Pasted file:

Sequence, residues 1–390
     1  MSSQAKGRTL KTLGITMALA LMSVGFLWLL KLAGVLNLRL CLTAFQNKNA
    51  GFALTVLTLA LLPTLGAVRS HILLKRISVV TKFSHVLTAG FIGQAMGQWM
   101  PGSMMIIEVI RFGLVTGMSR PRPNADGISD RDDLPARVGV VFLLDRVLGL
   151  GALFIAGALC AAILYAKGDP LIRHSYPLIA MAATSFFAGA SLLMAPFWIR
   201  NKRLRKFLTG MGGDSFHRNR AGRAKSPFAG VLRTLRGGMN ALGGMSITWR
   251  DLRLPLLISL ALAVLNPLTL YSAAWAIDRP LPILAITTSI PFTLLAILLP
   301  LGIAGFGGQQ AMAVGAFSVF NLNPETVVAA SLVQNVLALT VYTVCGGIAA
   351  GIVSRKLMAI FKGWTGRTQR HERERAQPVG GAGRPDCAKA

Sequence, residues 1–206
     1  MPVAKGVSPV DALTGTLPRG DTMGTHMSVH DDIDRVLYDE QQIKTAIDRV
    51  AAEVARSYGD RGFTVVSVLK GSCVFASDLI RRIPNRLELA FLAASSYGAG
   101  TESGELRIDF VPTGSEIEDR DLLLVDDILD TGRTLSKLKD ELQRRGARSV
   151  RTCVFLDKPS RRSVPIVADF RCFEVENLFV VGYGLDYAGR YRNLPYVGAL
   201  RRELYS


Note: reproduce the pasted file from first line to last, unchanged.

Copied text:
Sequence, residues 1–390
     1  MSSQAKGRTL KTLGITMALA LMSVGFLWLL KLAGVLNLRL CLTAFQNKNA
    51  GFALTVLTLA LLPTLGAVRS HILLKRISVV TKFSHVLTAG FIGQAMGQWM
   101  PGSMMIIEVI RFGLVTGMSR PRPNADGISD RDDLPARVGV VFLLDRVLGL
   151  GALFIAGALC AAILYAKGDP LIRHSYPLIA MAATSFFAGA SLLMAPFWIR
   201  NKRLRKFLTG MGGDSFHRNR AGRAKSPFAG VLRTLRGGMN ALGGMSITWR
   251  DLRLPLLISL ALAVLNPLTL YSAAWAIDRP LPILAITTSI PFTLLAILLP
   301  LGIAGFGGQQ AMAVGAFSVF NLNPETVVAA SLVQNVLALT VYTVCGGIAA
   351  GIVSRKLMAI FKGWTGRTQR HERERAQPVG GAGRPDCAKA

Sequence, residues 1–206
     1  MPVAKGVSPV DALTGTLPRG DTMGTHMSVH DDIDRVLYDE QQIKTAIDRV
    51  AAEVARSYGD RGFTVVSVLK GSCVFASDLI RRIPNRLELA FLAASSYGAG
   101  TESGELRIDF VPTGSEIEDR DLLLVDDILD TGRTLSKLKD ELQRRGARSV
   151  RTCVFLDKPS RRSVPIVADF RCFEVENLFV VGYGLDYAGR YRNLPYVGAL
   201  RRELYS